Do you not think that the amazement of our Lord, when he was “made sin for us” (2 Cor. v. 21), led him thus to cry out? For such a sacred and pure being to be made a sin-offering was an amazing experience. Sin was laid on him, and he was treated as if he had been guilty, though he had personally never sinned; and now the infinite horror of rebellion against the most holy God fills his holy soul, the unrighteousness of sin breaks his heart, and he starts back from it, crying, “My God, my God, why hast thou forsaken me?” Why must I bear the dread result of conduct I so much abhor?
Do you not see, moreover, there was here a glance at his eternal purpose, and at his secret source of joy? That “why” is the silver lining of the dark cloud, and our Lord looked wishfully at it. He knew that the desertion was needful in order that he might save the guilty, and he had an eye to that salvation as his comfort. He is not forsaken needlessly, nor without a worthy design. The design is in itself so dear to his heart that he yields to the passing evil, even though that evil be like death to him. He looks at that “why,” and through that narrow window the light of heaven comes streaming into his darkened life.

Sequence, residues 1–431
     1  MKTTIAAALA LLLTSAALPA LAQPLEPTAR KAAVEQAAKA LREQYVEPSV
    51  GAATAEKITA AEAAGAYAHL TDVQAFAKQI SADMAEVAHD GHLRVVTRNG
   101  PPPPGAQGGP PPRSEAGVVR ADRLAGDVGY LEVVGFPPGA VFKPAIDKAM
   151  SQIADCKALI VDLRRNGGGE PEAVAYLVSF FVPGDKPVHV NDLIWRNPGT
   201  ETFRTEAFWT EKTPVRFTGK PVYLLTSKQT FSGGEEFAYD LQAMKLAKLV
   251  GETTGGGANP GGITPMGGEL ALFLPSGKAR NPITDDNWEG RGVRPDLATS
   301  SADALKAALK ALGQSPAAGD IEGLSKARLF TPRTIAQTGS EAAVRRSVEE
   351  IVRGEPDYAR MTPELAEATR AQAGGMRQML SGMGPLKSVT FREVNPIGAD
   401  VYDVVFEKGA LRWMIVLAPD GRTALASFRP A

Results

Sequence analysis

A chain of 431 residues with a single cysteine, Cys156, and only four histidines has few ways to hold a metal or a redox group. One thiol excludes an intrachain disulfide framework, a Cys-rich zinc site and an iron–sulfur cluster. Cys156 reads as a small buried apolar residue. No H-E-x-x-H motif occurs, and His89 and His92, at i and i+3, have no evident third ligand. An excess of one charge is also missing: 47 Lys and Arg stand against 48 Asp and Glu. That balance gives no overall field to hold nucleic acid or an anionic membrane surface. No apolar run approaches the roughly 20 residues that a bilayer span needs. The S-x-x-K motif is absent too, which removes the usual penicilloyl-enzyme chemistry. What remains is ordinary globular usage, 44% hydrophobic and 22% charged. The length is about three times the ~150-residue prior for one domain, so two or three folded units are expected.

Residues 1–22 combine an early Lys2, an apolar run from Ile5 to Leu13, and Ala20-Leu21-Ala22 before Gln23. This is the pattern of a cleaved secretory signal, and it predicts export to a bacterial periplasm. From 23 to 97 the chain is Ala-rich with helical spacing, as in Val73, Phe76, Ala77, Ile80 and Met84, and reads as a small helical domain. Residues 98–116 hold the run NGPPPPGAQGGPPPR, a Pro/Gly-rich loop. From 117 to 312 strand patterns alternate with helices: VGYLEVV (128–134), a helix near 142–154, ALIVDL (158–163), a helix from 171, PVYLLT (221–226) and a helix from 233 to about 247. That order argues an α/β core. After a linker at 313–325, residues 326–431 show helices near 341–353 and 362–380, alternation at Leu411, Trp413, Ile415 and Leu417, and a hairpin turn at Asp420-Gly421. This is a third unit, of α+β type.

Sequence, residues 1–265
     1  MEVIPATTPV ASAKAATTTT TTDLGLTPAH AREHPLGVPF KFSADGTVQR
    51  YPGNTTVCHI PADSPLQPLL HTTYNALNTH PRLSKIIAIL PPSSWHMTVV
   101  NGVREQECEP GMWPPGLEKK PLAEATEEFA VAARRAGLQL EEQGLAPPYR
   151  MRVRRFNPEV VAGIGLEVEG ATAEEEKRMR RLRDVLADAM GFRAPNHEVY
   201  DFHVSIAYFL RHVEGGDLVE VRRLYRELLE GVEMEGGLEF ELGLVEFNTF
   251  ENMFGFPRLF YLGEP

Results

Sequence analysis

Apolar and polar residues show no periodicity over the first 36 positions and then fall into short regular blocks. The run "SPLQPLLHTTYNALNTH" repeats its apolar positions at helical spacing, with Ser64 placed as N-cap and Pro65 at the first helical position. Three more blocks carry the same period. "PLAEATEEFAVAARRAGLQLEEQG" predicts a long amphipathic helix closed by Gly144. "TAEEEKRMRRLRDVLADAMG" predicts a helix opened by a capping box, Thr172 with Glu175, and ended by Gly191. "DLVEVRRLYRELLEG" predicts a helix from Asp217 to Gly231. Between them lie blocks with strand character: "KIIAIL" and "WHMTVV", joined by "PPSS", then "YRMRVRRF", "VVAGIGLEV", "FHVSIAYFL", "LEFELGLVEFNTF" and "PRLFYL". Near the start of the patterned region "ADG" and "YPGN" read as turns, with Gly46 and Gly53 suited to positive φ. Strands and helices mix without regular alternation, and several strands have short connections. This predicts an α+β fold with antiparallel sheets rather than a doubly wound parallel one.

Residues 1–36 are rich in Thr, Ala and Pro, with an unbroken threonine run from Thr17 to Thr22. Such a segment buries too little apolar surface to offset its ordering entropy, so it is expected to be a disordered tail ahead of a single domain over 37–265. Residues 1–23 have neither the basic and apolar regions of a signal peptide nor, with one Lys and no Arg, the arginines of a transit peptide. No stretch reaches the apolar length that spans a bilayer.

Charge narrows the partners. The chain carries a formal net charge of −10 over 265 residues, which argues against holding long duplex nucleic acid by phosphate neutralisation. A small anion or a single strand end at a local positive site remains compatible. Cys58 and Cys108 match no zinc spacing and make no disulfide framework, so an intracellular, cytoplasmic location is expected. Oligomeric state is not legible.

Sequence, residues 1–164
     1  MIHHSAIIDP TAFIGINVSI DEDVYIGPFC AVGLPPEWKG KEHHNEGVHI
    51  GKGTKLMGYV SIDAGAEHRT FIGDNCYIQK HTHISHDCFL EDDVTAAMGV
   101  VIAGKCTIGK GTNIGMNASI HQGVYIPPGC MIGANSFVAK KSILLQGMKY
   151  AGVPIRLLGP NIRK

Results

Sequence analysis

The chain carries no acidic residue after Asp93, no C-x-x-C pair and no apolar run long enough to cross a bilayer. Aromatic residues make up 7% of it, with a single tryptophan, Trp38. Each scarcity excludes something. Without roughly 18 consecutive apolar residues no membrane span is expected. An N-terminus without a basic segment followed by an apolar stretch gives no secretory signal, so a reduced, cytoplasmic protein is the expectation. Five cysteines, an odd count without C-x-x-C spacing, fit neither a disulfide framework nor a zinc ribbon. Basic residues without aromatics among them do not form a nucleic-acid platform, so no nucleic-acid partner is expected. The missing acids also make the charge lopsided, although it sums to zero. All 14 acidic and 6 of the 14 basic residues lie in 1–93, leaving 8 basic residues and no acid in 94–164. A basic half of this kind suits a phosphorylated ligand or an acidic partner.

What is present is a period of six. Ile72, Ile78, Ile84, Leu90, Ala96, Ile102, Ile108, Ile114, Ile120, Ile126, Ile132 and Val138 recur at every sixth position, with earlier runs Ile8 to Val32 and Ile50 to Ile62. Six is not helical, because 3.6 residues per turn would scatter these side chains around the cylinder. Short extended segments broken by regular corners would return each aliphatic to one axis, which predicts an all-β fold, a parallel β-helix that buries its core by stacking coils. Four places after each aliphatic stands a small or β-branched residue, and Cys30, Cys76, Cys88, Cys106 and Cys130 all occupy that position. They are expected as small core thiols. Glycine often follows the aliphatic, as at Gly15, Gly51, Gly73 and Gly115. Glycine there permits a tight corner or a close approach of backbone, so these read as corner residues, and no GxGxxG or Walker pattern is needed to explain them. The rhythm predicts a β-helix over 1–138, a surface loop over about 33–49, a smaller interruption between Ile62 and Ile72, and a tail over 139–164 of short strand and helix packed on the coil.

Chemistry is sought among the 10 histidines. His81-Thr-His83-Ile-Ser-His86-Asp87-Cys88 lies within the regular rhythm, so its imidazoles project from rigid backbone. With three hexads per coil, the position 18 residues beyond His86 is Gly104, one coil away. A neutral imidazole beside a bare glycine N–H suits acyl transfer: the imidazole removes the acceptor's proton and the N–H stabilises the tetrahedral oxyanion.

“My God, my God, why hast thou forsaken me?” Surely our Lord dwelt on that “why,” that we might also turn our eyes that way. He would have us see the why and the wherefore of his grief. He would have us mark the gracious motive for its endurance. Think much of all your Lord suffered, but do not overlook the reason of it. If you cannot always understand how this or that grief worked toward the great end of the whole passion, yet believe that it has its share in the grand “why.” Make a life-study of that bitter but blessed question, “Why hast thou forsaken me?” Thus the Saviour raises an inquiry not so much for himself as for us; and not so much because of any despair within his heart as because of a hope and a joy set before him, which were wells of comfort to him in his wilderness of woe.